Tools & Technology


Warping Sound in the Ocean

Warping Sound in the Ocean

WHOI scientists warp sound–the primary means of transmitting information in the ocean–to “see” what’s happening below the surface.

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Alvin Submersible Makes 5,000th Dive

Alvin Submersible Makes 5,000th Dive

Alvin, the country’s only deep-diving research submersible capable of carrying humans to the sea floor, reached another milestone in its long career on Nov. 26, 2018, when the sub made its 5,000th dive during an expedition to the Guaymas Basin in the Gulf of California.

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Mysteries of the Red Sea

Mysteries of the Red Sea

The Red Sea also has several characteristics not seen in other oceans: extremely warm temperatures, high evaporation rates, odd circulation patterns, and a rare current that sometimes disappears in winter.

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Sentry Completes Its 500th Dive

Sentry Completes Its 500th Dive

WHOI’s free-swimming robot Sentry completed its 500th dive on October 16, 2018, off the Pacific Coast of Costa Rica. The autonomous underwater vehicle has used its sonar systems to help scientists map the seafloor, track the Deepwater Horizon oil spill, locate the voyage data recorder on the sunken El Faro cargo ship, and carry out advanced research on many other missions to help us better understand our ocean and our planet.

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Pioneer Array

Animation of a coastal component of the Ocean Observatory Initiative. Originally published online January 1, 2009

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Life at the Edge

What makes the shelf break front such a productive and diverse part of the Northwest Atlantic Ocean? A group of scientists on the research vessel Neil Armstrong spent two weeks at sea in 2018 as part of a three-year, NSF-funded project to find out.

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Students Get Their Sea Legs

Students Get Their Sea Legs

Woods Hole Oceanographic Institution is known for its ocean-going research. But some incoming graduate students in the MIT-WHOI Joint Program may never have set foot a large research ship before. A new orientation cruise aboard the research vessel Neil Armstrong is introducing students to shipboard life and oceanographic research.

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New Details on Discovery of San Jose Shipwreck

New Details on Discovery of San Jose Shipwreck

The Woods Hole Oceanographic Institution (WHOI) recently obtained authorization by Maritime Archaeology Consultants, Switzerland AG (MAC), and the Colombian government to release new details from the successful search for the three-century old San José 62-gun, three-masted Spanish galleon ship that sank with a cargo believed to be worth billions of dollars. The ship, which is often called the ‘œholy grail of shipwrecks,’ went down with a treasure of gold, silver, and emeralds in 1708 during a battle with British ships in the War of Spanish Succession.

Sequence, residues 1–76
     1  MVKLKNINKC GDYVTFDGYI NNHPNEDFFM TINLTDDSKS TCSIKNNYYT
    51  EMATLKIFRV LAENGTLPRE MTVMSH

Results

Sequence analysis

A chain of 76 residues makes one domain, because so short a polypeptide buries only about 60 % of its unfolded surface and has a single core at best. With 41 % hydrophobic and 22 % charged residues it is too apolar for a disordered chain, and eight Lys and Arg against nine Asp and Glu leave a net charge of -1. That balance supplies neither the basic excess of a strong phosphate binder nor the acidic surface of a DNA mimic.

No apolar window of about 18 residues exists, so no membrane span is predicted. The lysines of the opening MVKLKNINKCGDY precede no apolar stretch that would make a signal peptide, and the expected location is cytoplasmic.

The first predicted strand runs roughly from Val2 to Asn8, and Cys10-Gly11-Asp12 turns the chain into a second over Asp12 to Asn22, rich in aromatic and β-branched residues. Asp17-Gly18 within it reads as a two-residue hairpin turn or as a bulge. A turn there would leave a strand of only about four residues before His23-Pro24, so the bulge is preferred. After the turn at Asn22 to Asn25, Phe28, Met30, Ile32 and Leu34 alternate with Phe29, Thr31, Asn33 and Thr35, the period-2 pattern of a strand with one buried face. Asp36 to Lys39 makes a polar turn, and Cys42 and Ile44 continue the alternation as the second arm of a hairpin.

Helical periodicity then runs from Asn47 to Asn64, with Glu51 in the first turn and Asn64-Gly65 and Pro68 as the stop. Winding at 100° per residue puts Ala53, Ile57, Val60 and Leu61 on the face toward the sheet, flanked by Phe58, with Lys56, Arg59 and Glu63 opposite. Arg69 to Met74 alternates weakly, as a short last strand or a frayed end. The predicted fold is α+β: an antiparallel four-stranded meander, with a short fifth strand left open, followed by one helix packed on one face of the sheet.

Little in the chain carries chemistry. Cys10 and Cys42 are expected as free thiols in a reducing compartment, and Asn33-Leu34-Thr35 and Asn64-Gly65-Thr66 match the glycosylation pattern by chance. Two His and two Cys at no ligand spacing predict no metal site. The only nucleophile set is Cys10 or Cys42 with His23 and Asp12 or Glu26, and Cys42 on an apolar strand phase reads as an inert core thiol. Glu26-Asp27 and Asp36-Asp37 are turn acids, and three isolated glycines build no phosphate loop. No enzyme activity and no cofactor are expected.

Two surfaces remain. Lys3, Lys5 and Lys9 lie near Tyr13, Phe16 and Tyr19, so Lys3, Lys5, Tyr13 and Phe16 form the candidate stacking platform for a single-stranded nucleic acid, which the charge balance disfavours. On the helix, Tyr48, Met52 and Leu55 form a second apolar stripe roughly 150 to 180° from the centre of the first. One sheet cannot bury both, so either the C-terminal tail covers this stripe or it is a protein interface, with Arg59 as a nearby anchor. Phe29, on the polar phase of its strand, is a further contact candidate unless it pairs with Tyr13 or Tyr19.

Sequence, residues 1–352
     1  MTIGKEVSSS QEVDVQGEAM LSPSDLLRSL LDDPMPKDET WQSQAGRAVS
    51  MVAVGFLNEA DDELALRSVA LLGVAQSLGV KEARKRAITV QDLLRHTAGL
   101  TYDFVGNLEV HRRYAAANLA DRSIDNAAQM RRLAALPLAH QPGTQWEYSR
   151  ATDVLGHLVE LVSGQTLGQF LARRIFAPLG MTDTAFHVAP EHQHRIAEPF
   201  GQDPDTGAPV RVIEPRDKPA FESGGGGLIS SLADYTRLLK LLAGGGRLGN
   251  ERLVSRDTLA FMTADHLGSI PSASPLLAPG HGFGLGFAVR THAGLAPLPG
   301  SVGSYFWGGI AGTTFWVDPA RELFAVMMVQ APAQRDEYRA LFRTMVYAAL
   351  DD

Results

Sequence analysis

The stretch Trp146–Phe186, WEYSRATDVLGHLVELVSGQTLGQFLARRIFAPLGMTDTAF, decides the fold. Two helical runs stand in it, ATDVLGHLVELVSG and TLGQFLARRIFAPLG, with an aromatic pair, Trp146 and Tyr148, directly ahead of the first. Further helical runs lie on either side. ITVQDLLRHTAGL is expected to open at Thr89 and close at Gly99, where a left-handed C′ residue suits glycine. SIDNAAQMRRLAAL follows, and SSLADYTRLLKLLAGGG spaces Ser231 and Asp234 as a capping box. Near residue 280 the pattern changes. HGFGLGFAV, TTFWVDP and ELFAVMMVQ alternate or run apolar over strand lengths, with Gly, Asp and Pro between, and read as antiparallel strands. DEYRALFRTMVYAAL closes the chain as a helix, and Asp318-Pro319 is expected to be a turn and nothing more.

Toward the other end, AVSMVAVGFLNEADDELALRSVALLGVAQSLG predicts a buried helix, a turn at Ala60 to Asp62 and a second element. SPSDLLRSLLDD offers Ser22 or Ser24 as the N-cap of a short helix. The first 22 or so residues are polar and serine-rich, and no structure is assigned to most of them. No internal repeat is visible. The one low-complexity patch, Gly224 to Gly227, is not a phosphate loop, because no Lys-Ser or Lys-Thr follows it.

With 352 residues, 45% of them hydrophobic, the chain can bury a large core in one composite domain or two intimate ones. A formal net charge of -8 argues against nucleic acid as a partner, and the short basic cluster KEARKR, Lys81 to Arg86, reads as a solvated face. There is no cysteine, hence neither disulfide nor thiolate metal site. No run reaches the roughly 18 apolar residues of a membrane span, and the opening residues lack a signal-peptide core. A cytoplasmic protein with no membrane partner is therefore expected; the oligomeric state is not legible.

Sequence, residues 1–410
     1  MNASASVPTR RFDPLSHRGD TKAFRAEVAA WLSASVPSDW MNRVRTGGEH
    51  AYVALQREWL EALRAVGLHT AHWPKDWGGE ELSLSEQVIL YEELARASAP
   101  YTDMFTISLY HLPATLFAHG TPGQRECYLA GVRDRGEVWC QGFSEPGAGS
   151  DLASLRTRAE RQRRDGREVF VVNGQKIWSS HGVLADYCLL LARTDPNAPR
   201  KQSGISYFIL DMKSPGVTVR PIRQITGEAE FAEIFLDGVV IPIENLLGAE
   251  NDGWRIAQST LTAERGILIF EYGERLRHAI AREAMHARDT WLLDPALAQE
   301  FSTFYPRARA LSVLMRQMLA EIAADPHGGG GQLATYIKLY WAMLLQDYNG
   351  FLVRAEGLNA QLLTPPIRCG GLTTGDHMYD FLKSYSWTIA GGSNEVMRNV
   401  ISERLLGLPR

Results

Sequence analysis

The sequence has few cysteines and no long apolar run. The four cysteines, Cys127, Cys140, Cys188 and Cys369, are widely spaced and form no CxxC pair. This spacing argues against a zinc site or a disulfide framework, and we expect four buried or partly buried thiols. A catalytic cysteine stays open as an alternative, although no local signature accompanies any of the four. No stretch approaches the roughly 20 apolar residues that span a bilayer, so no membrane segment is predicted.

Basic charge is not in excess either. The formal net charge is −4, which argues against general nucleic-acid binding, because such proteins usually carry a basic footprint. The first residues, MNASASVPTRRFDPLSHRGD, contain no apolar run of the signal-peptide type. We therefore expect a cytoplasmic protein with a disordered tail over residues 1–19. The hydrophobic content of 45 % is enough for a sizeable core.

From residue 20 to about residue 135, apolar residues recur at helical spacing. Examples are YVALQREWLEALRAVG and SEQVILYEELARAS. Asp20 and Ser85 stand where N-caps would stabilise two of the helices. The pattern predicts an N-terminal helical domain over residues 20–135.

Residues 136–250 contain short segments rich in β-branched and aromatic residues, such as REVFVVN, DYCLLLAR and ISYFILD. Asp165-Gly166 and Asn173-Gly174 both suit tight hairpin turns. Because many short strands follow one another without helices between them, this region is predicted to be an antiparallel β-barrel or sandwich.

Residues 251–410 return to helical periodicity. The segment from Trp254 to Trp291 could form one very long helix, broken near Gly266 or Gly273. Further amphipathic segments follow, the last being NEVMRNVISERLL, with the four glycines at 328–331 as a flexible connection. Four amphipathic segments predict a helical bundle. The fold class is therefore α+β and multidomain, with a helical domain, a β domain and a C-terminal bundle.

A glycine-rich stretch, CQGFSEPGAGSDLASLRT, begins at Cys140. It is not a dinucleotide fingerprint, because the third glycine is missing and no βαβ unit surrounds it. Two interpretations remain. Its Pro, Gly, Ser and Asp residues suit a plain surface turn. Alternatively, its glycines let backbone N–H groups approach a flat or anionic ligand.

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Mission to the Ocean Twilight Zone

Mission to the Ocean Twilight Zone

The twilight zone is a part of the ocean 660 to 3,300 feet below the surface, where little sunlight can reach. It is deep and dark and cold, and the pressures there are enormous. Despite these challenging conditions, the twilight zone teems with life that helps support the ocean’s food web and is intertwined with Earth’s climate. Some countries are gearing up to exploit twilight zone fisheries, with unknown impacts for marine ecosystems and global climate. Scientists and engineers at Woods Hole Oceanographic Institution are poised to explore and investigate this hidden frontier.

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How Is the Seafloor Made?

How Is the Seafloor Made?

An ultrasound for the Earth? Using sound waves, a graduate student peers into the crystalline texture of the tectonic plates that cover our planet’s surface.

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To Track an Oil Spill

To Track an Oil Spill

WHOI scientists are helping to develop a robotic underwater vehicle that can track oil spills and help responders mitigate damage in remote or ice-covered areas such as the Arctic Ocean and the Great Lakes.

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Up in the Sky!

Up in the Sky!

Nope, it’s not a bird or a plane. It’s a drone on a scientific mission to restore a river long…

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Re-envisioning Underwater Imaging

Re-envisioning Underwater Imaging

A revolutionary new underwater imaging system developed at Woods Hole Oceanographic Institution can generate ultrahigh-definition television video, 2-D mosaic images, and…

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Heidi Sosik Selected as a Fellow of The Oceanography Society

Heidi Sosik Selected as a Fellow of The Oceanography Society

Heidi Sosik, a senior scientist in the Biology Department at Woods Hole Oceanographic Institution (WHOI) has been named a 2018 Fellow of The Oceanography Society (TOS). Sosik’s accomplishments will be formally recognized on Feb. 13, 2018, during a ceremony at the 2018 Ocean Sciences Meeting in Portland, Oregon.

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